The Reincarnating Mind, or the Ontopoietic Outburst in Creative Virtualities
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The Reincarnating Mind, or the Ontopoietic Outburst in Creative Virtualities : Harmonisations and Attunement in Cognition, the Fine Arts, Literature Phenomenology of Life and the Human Creative Condition (Book II)

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Description

Tymieniecka's phenomenology of life reverses current priorities, stressing the primogenital role of aesthetic enjoyment, rather than cognition, as typifying the Human Condition. The present collection offers clues to a crucial breakthrough in the perennial uncertainties about the powers and prerogatives of the human mind. It proposes human creativity as the pivot of the mind's genesis and its endowment. In the midst of the current defiance of the transcendental certainties of cognition, this turn to the creative act of the human being represents a radical reversion to an approach to human powers that is predominated by the aesthetic virtualities of the Human Condition. The collection lays down the foundations for a new discovery of the human mind, addressing the `plumbing' of the functional system that originates in the creative potentiality of the Human Condition, undercutting the currently prevalent empirical reductionism.
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Product details

  • Hardback | 389 pages
  • 154.94 x 226.06 x 30.48mm | 680.39g
  • Dordrecht, Netherlands
  • English
  • 1998 ed.
  • XII, 389 p.
  • 0792344618
  • 9780792344612

Table of contents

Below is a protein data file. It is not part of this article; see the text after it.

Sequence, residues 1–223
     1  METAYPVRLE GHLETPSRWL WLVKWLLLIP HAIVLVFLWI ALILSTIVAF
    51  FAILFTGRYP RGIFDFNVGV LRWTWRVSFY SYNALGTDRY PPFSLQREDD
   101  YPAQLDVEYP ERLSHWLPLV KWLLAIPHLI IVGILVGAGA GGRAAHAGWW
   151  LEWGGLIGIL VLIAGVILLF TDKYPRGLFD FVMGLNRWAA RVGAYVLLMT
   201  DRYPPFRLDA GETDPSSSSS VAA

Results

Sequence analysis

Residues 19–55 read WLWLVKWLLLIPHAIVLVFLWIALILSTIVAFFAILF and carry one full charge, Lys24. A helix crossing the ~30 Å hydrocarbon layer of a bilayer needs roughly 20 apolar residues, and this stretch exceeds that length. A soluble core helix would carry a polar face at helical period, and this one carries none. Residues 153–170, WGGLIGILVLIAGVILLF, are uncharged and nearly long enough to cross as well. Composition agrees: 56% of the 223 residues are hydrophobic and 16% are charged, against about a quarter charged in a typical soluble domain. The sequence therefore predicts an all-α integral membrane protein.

Part One: Bringing Forth Some Basic Points of Human Creativity. Road-Signs to `Creativity'; J.J. Venter. How I Went Up to Image Phenomenology and Came Down Entangled...; P. Trutty-Coohill. Art as Moral Gamble: Phenomenological Aspects of Creative Responsibility.; S. Magala. The Creative Virtuality of Negritude in Brazilian Literature; N. Campi de Castro. Being and the Creative Power of Language (the Late Heidegger); A. Pigalev. Part Two: Experience, Judgement, Imagination, Emotion. Beyond Semiological Reductionism: Transcendental Philosophy and Transcendence; M.C. Dillon. From Experience to Judgment in the Aftermath of Postmodern Critique; C.O. Schrag. Transversal Rationality, Rhetoric, and the Imagination: Probability and Contingency in Experience and Judgment; R.E. Ramsey. Poetry and Emotion: Psychoanalysis and the Ontology of Lyric; W. Salomon. Landscape and Alienation in the Late Nineteenth Century; M. Facos. The Unbearable Lightness of Sacrifice; A. Cristian. Part Three: Infusion of the Aesthetic Sense into Human Experience. Telling Stories; L. Kimmel. Considering Die and Death: Heidegger's Reinterpretation of Husserl's Concept of Truth as the Concept of `Care'; A.C. Canan. The Phenomenological Motives of Heidegger's and Gadamer's Hermeneutics of the Literary Text; S. Tawfik. Language and Experience: On the Subject and Method of Roman Ingarden's Philosophy of Literature.; D. Ulicka. A Hermeneutic Inquiry into Heidegger's Gelassenheit: Thought through Beckett's Waiting for Godot; G. McNeely. Can Women Reign? Schiller's Maria Stuart and the Nemesis.; W.Wittkowski. Part Four: Fine Arts and the Conveying of the Aesthetic Experience. Phenomenological Aesthetics and the Contemporary Arts; M. Pastragus. The Artistic, the Aesthetic and the Function of Art: What Is an Artwork Supposed to Be Appreciated For? Ynhui Park. Reveries on Aesthetics; A.J. Svedlow. Musical and Visual Encounters: An Investigation of the Aesthetic Experience; R. Gangi. Part Five: The Education of the Eye and the Experience of Art. The Education of the Eye and the Experience of Art in Renaissance Italy; A. Bolland. Cutting the Line: The Late Works of Matisse Discussed from a Merleau-Pontean Perspective; J. Andrews. The Advent of the Modern Child and Student: Francois Bonvin's Seated Boy with a Portfolio; J. Miller. Fashion, Commercial Culture and the Femme Fatale: Development of a Feminine Icon in the French Popular Press; E.K. Menon. Index of Names.
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